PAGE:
The Benefit Ladder is a way of thinking about your positioning to ensure you are resonating with what your customer fundamentally needs to feel about your business.
It’s relevant for both B2C and B2B – because B2B buying decision-makers are still human after all.
The point of the benefit ladder is to help you elevate your positioning above ‘product features’ and get to the fundamental emotional benefit a customer would have from buying your product. For example, say your business makes an AI that helps financial services companies stay compliant. The benefit ladder could look like this:
Product = AI compliance tool
Product features = Scans trades and swaps to ensure FCA compliance
Product benefit = Financial services companies can be more consistently compliant with regulations
Customer benefit = Compliance teams have less stress, avoid their companies being fined, and improve their job performance
Emotional benefit – Our AI compliance tool gives you much-needed peace of mind.
By climbing the benefit ladder, you arrive at a fundamental benefit that helps you ensure you’re communicating to the customer’s deepest needs. It will help you with differentiation, creative development and communications effectiveness.
You can use any of these three methods, or combine more than one, or use none at all. But fundamentally, you need to think like this in order to get an effective value proposition and/or positioning. The next step is to decide what channels to market you’re going to use to communicate your value prop to the market.
4) Channels To Market
Choosing your initial channels to market can be tricky. You may have a pretty good idea of what channels your customer uses, you may know roughly what sort of costs are associated with each channel, but it’s difficult to make a decision on what to start with and how those channels might interact.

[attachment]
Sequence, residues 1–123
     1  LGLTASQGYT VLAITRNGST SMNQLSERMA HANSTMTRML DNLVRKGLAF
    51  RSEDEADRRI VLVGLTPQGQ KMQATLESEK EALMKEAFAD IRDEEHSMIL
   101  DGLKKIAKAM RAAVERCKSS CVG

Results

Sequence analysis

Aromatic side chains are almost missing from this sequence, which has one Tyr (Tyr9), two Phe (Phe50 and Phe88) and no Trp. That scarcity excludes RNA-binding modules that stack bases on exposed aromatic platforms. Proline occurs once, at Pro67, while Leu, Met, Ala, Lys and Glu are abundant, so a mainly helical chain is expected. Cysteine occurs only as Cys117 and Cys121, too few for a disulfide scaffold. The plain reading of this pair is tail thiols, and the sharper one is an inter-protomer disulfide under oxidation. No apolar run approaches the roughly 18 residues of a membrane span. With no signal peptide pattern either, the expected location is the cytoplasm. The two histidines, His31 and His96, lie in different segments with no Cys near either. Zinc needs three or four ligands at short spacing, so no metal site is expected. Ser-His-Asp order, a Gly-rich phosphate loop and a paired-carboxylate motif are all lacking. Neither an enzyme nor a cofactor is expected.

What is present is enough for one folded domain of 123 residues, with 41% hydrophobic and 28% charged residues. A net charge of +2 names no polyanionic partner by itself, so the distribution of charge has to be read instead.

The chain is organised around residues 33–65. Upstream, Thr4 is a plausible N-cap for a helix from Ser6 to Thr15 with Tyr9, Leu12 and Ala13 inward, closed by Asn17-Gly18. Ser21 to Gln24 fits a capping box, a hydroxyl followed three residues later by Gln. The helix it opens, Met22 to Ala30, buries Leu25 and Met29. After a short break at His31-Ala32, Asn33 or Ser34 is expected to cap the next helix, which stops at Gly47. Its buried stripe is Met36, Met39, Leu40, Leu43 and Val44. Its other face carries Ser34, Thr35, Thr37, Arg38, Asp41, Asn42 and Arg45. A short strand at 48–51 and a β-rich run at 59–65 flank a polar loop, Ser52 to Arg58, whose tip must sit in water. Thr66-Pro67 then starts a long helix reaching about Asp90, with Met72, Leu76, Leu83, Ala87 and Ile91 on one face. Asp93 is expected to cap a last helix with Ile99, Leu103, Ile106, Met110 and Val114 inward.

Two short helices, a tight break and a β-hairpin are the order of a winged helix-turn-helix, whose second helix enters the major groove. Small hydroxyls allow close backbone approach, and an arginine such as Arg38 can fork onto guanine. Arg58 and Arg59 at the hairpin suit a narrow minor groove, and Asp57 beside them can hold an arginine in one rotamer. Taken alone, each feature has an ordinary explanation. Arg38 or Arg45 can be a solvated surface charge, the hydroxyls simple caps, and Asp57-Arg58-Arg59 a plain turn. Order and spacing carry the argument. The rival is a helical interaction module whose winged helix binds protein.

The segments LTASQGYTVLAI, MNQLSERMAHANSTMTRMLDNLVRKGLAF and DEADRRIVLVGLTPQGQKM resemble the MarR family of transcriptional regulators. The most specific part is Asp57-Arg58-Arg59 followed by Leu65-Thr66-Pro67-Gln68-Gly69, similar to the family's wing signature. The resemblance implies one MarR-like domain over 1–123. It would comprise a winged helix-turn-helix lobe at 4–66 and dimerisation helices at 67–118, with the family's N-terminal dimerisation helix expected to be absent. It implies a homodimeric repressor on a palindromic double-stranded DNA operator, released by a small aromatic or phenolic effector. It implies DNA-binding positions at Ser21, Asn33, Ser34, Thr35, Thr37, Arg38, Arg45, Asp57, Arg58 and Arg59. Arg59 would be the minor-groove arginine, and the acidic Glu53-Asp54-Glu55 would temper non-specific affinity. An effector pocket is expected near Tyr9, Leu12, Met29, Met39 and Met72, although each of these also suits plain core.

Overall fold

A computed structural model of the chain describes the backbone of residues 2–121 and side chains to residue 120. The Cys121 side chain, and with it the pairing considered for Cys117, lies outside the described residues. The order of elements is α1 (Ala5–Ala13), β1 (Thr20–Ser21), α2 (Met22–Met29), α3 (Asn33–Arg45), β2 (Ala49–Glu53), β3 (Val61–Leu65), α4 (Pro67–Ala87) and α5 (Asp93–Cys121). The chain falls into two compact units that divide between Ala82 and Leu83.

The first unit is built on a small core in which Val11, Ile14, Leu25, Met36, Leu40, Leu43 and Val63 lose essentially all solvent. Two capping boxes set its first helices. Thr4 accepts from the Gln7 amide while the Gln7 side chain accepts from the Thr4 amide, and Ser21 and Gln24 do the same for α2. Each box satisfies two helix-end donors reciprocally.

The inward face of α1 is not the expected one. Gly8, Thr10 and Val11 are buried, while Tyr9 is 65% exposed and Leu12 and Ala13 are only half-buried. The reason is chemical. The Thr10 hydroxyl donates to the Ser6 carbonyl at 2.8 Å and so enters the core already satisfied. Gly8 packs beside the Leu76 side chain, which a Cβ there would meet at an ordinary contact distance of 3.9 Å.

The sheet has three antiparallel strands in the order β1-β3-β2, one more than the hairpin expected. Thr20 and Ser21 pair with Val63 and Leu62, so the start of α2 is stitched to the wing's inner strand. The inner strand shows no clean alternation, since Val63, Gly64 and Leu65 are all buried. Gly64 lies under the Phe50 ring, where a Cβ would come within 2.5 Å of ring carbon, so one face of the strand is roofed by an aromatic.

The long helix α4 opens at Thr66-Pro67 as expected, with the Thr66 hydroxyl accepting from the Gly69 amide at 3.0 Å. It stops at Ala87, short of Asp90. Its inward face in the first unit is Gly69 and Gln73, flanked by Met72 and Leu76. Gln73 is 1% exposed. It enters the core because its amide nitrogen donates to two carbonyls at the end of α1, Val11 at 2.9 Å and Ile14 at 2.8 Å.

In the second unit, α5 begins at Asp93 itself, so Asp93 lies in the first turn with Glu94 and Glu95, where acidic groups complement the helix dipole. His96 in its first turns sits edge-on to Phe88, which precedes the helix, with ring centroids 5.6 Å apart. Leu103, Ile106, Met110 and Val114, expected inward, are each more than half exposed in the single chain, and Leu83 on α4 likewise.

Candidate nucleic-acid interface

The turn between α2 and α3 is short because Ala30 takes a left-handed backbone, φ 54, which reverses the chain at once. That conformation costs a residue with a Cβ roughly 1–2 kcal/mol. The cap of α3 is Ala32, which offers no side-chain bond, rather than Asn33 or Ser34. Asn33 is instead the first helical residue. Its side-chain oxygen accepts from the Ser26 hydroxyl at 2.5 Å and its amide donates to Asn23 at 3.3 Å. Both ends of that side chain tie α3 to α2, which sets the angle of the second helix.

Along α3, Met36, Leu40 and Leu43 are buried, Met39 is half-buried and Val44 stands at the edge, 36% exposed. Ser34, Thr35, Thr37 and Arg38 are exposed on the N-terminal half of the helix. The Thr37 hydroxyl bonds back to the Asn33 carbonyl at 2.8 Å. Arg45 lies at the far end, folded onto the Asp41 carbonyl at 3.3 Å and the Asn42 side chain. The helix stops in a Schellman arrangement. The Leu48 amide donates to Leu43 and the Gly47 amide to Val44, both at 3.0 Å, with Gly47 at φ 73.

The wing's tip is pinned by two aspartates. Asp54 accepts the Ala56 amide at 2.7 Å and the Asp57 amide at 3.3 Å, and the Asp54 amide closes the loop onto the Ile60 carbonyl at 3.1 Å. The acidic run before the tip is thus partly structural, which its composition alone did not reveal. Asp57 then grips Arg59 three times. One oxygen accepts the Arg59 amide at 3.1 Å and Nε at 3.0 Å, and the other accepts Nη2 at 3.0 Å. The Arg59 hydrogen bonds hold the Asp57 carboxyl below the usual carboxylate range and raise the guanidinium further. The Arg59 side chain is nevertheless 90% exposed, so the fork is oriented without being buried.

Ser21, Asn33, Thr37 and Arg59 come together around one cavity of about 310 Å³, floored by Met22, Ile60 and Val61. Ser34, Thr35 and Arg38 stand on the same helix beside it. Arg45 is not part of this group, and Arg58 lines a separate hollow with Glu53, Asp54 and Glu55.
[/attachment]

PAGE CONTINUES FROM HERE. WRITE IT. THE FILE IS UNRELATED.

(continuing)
There are two methods we’re going to discuss here to help you narrow down your options.
Method 1: The Bullseye Framework
The Bullseye Framework, developed by Gabriel Weinberg and Justin Mares, is one method we regularly use at Growth Division with new clients to help them narrow down their options and come up with a resource-efficient selection of channels to test.
What we do is we spend an hour, in a free strategy session, talking through each channel in the outer ring of the bullseye and its merits, drawbacks and relevance to the target market. We then create a short list of usually 3-6 channels, depending on the market and client budget, which we suggest testing at the same time.
We then test these channels over a few months, using expert specialists, and then double down on the channels that are most effective.
We’ve written in more detail about The Bullseye Framework and how to use it here.
Method 2: The Marketing/Sales Funnel
The Bullseye Framework can give you a useful list of viable channels but doesn’t tell you an awful lot about how they interact with each other. That’s what a funnel visualisation is for.
We use the ‘pirate’ (say AAARRR!) metrics framework to think about marketing and sales funnels at Growth Division. It varies hugely depending on the business and sector but here’s an example: